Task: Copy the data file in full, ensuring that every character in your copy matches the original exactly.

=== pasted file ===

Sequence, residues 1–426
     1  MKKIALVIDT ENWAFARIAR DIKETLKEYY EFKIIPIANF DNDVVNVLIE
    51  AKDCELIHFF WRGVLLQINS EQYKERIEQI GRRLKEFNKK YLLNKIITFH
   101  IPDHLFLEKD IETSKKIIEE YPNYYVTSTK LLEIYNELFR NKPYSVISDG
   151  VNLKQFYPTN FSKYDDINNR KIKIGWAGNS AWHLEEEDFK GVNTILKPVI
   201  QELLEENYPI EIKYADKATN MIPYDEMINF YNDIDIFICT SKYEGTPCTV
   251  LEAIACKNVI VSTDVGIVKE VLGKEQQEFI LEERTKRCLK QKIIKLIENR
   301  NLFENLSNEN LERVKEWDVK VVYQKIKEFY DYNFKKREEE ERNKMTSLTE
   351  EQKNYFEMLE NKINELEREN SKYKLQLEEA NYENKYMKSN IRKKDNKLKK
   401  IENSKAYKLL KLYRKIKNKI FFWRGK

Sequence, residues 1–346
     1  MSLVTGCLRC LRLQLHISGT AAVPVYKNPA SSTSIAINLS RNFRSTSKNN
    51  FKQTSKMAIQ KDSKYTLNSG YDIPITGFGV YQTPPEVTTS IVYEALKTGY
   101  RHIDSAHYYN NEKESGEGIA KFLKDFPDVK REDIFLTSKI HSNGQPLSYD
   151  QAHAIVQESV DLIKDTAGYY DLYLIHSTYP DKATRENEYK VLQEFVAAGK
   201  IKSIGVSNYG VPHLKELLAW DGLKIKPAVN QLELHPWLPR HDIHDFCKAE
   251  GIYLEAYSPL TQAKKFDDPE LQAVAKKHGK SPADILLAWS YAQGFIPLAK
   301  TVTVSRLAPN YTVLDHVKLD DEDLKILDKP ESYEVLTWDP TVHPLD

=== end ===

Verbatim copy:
Sequence, residues 1–426
     1  MKKIALVIDT ENWAFARIAR DIKETLKEYY EFKIIPIANF DNDVVNVLIE
    51  AKDCELIHFF WRGVLLQINS EQYKERIEQI GRRLKEFNKK YLLNKIITFH
   101  IPDHLFLEKD IETSKKIIEE YPNYYVTSTK LLEIYNELFR NKPYSVISDG
   151  VNLKQFYPTN FSKYDDINNR KIKIGWAGNS AWHLEEEDFK GVNTILKPVI
   201  QELLEENYPI EIKYADKATN MIPYDEMINF YNDIDIFICT SKYEGTPCTV
   251  LEAIACKNVI VSTDVGIVKE VLGKEQQEFI LEERTKRCLK QKIIKLIENR
   301  NLFENLSNEN LERVKEWDVK VVYQKIKEFY DYNFKKREEE ERNKMTSLTE
   351  EQKNYFEMLE NKINELEREN SKYKLQLEEA NYENKYMKSN IRKKDNKLKK
   401  IENSKAYKLL KLYRKIKNKI FFWRGK

Sequence, residues 1–346
     1  MSLVTGCLRC LRLQLHISGT AAVPVYKNPA SSTSIAINLS RNFRSTSKNN
    51  FKQTSKMAIQ KDSKYTLNSG YDIPITGFGV YQTPPEVTTS IVYEALKTGY
   101  RHIDSAHYYN NEKESGEGIA KFLKDFPDVK REDIFLTSKI HSNGQPLSYD
   151  QAHAIVQESV DLIKDTAGYY DLYLIHSTYP DKATRENEYK VLQEFVAAGK
   201  IKSIGVSNYG VPHLKELLAW DGLKIKPAVN QLELHPWLPR HDIHDFCKAE
   251  GIYLEAYSPL TQAKKFDDPE LQAVAKKHGK SPADILLAWS YAQGFIPLAK
   301  TVTVSRLAPN YTVLDHVKLD DEDLKILDKP ESYEVLTWDP TVHPLD